Scientists based at the Karolinska Institutet, a research-led medical university at Solna, Sweden, are concerned about vitamin and mineral supplementation.

Common antioxidants, such as vitamin C, are considered safe when eaten from food, but extra supplementation is now linked to the formation of new blood vessels in tumours.

A professor at the Department of Biosciences and Nutrition, Martin Bergö, explained what his team discovered.

Professor Bergö said: “We’ve found that antioxidants activate a mechanism that causes cancer tumours to form new blood vessels, which is surprising since it was previously thought that antioxidants have a protective effect.

“The new blood vessels nourish the tumours and can help them grow and spread.”

Professor Bergö added: “There’s no need to fear antioxidants in normal food but most people don’t need additional amounts of them.

“In fact, it can be harmful for cancer patients and people with an elevated cancer risk.”

The team found that antioxidants reduce the levels of free oxygen radicals, but when extra amounts are introduced the drop in free radicals activates a protein called BACH1.

This then induces the formation of new blood vessels, known as angiogenesis.

Vitamin A, C, selenium and zinc were all found to stimulate the formation of new blood vessels in lung cancer tumours.

The scientists believe these findings could apply to all cancers and could contribute to the spread of cancers.

Ting Wang, a doctoral student in Professor Bergö’s team, said: “Our study opens the door to more effective ways of preventing angiogenesis in tumours.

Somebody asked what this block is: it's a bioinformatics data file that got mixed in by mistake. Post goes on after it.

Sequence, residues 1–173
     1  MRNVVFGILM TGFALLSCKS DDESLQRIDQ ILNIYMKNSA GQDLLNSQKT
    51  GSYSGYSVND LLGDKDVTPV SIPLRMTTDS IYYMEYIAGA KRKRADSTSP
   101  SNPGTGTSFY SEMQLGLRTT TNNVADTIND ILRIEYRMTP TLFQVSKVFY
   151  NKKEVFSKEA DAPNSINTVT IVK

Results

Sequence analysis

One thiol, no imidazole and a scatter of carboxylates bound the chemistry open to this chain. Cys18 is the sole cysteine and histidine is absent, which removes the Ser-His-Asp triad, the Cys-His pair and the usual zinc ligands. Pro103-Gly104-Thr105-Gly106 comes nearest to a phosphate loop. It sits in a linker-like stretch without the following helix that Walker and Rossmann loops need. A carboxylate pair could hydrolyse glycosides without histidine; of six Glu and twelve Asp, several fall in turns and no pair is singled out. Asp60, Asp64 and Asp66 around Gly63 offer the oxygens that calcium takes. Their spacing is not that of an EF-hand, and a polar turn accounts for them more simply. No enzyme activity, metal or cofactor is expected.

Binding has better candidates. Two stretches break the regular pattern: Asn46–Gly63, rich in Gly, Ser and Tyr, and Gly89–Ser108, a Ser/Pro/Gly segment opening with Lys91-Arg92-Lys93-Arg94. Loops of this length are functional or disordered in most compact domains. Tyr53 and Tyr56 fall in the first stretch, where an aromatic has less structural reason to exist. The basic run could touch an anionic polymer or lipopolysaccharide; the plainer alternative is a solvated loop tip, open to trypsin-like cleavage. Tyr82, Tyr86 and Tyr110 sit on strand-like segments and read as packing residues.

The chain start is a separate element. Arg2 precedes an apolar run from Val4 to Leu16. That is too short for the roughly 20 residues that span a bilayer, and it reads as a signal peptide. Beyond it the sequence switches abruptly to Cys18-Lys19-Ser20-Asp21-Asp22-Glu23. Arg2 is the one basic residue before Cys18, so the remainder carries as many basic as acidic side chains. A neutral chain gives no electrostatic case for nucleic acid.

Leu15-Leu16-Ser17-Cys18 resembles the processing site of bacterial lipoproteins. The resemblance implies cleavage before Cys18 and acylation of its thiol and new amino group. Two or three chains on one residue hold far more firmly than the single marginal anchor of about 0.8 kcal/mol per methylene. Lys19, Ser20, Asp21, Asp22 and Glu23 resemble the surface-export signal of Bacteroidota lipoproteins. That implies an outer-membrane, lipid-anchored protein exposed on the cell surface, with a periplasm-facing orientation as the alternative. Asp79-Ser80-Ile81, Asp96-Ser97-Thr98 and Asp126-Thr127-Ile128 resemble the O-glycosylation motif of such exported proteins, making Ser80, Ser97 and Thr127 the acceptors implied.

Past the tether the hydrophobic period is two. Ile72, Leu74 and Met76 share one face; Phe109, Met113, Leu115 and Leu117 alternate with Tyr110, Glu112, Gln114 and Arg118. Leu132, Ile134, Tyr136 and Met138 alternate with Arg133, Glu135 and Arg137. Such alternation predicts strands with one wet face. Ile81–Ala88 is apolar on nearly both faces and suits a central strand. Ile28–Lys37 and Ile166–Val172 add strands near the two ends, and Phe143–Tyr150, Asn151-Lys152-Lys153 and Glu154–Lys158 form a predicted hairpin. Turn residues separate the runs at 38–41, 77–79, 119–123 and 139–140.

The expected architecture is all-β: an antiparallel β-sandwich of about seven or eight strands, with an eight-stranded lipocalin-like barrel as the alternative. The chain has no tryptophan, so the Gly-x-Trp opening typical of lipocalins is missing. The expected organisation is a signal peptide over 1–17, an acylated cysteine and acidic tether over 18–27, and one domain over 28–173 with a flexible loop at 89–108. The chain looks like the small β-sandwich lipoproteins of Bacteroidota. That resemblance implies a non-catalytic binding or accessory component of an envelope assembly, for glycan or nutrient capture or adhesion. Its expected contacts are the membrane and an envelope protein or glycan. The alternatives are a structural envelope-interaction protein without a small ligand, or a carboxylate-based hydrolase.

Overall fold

“For example, patients whose tumours exhibit high levels of BACH1 might benefit more from anti-angiogenesis therapy than patients with low BACH1 levels.”

Looking at lung, breast, and kidney tumours, the researchers found that when BACH1 was activated – either through ingested antioxidants or overexpression of the gene – more blood vessels were produced.

Yet, those blood vessels produced were highly sensitive to angiogenesis inhibitors.

Ms Wang added: “The next step is to examine in detail how levels of oxygen and free radicals can regulate the BACH1 protein, and we will continue to determine the clinical relevance of our results.

“We’ll also be doing similar studies in other cancer forms such as breast, kidney and skin cancer.”

The study was published in the Journal of Clinical Investigation.

Source: | This article first appeared on Express.co.uk

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